Switzerland was placed fourth globally in the 2016 Economic Freedom index published by the Heritage Foundation on Monday. One of only five countries declared economically free, Switzerland ranked top in Europe and was the only country in the top five not to lose any ground. In fact it improved by half a point. 178 countries were ranked and the average score was 60.7. The overall rankings can be seen here.
Why did Switzerland score so well?
With an overall score of 81 out of 100, Switzerland was well above the world average on nearly every measure. 80 is the threshold for being declared economically free, so along with only four other countries the nation was among the rare few achieving economic freedom. The other four were Hong Kong (1st – score 88.6), Singapore (2nd – score 87.8), New Zealand (3rd – score 81.6) and Australia (5th – score 80.3).
The index looks and four things:
1. Rule of law
Secure property rights give people confidence to undertake entrepreneurial activity, save, and make long-term plans. Burdensome barriers, including regulatory red tape and high transaction costs, can incentivize bribery and favour those with insider connections rather than those with the most talent and best ideas.
Switzerland scored 3rd on property rights and 5th on freedom from corruption.
2. Government size
This was Switzerland’s area of weakness. Its tax take of 27.1% of GDP, and relatively high marginal tax rates, as high as 40%, earned it a score of 70.9 (136th) on fiscal freedom.
At 33.5% of GDP Swiss government spending exceeded the 27.1% collected in taxes. As a result Switzerland received a score of 66.3 (100th) on government spending.
The report points out how taxes and spending vary by canton, so some of the low-tax cantons might rise to the top of the ranking if they were analysed separately. While cantons like Geneva, with their high taxes and budget busting spending, would probably slide out of the ranks of the economically free if viewed separately.
Set in a european context Switzerland’s performance in these areas looks somewhat better. Neighbouring nations such France (47.7), Germany (61.5), Italy (55.8) and Austria (50.7) all scored appreciably lower than Switzerland’s 70.9 score on fiscal freedom (taxation). The gap was even greater on government spending. France (2.5), Germany (41.3), Italy (22.1) and Austria (22.4) were all well behind Switzerland’s score of 66.3 for government spending. Unsurprisingly Greece scored zero on this front.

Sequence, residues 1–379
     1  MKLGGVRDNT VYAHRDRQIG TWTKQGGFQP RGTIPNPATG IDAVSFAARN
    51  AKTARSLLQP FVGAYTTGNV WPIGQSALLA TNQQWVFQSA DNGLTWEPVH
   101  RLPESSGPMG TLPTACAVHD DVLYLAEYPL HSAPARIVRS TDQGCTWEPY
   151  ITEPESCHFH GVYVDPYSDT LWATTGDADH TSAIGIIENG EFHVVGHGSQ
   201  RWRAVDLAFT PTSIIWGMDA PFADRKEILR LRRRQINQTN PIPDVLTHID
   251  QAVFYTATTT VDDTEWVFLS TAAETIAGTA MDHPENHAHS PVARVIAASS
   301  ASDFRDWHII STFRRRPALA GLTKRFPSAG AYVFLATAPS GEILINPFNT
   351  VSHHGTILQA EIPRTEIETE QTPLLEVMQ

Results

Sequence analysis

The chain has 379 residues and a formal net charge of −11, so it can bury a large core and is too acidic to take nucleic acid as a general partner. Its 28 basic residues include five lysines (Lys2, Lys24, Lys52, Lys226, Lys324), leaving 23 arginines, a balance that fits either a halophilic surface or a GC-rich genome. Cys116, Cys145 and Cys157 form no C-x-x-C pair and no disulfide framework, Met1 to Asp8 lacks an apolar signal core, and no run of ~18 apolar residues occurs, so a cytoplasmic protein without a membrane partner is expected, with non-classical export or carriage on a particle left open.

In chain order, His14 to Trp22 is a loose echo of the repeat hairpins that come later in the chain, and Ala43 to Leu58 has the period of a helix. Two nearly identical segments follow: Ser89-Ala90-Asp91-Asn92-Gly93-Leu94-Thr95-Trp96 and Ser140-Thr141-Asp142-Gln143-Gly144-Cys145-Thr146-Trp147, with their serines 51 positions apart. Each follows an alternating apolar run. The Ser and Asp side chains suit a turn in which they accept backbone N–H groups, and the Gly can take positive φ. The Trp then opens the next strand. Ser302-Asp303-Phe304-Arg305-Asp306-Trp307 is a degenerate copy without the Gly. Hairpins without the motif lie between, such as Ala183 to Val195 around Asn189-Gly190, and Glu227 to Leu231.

3. Regulatory efficiency
Regulations can make it difficult for entrepreneurs to succeed. Freedom to find work and the ability of businesses to freely hire and fire redundant workers when they are no longer needed is essential to enhancing productivity and sustaining overall economic growth. Switzerland ranked well on these regulations that often impinge on business. Business freedom (20th), labour freedom (37th) and monetary freedom (4th) were all not too far from the top.
4. Open markets
The degree to which government hinders the free flow of foreign commerce and finance has a direct impact on the ability of individuals to pursue their economic goals.
On trade freedom Switzerland ranked 1st equal with a score of 90. Foreign investors suffered little discrimination (investment freedom – 10th) and sources of financing were plentiful (financial freedom – 3rd).
Why does any of this matter?
Over the 21 years that the Heritage Foundation has been calculating the index, they have discovered that those given more freedom to prosper economically, are healthier, better educated, better protectors of the environment, and live longer than those who aren’t.
A surprising under performer
Despite its reputation for launching impressive and innovative companies such as Google and Apple, the US performed quite poorly. With an overall score of 75.4 it was placed only 11th. The US scores badly on taxation, or fiscal freedom, and government spending.
Despite taxing less than Switzerland (25.4% vs 27.1% of GDP) the US has one the world’s highest corporate tax rates at 35%, and its government spending of 39% of GDP, is well ahead of the income it collects from taxes. This is digging a fiscal hole for future generations of Americans that will limit their economic freedom.
Those at the bottom
At the bottom were the usual suspects. North Korea was last with a score of 2.3, behind Cuba (29.8), Venezuela (33.7), Zimbabwe (38.2), Turkmenistan (41.9), Eritrea (42.7), Rep. of Congo (42.8), Iran (43.5), Equatorial Guinea (43.7) and Argentina (43.8). Other nations such as Afghanistan, Iraq, Libya, Somalia, Sudan, Syria and Yemen would have probably joined these countries at the bottom if analysis of these states had been undertaken.
One factor that seems to be absent from this analysis is the impact of politics on economic freedom. This study’s leader, Hong Kong, had its economic freedom brought into question recently, when according to an article in the Economist, an owner of a Hong Kong bookshop mysteriously disappeared, only to reappear in China. Police in Hong Kong said they had found no record of the man having crossed the border, and his wife reported that he had no travel documents. In addition, she told a television news channel that he had later telephoned her from China to say that he was “assisting in investigations”. She said he had sounded harried, and, unusually for him, had spoken Mandarin – the official language of mainland China – rather than in Hong Kong’s local Cantonese dialect. This man is one of five now missing from Hong Kong.
BBC correspondent Rupert Anthony Wingfield-Hayes reports on the Hong Kong bookseller mystery in the short video below.
The book trade at least, does not appear to very free in Hong Kong these days.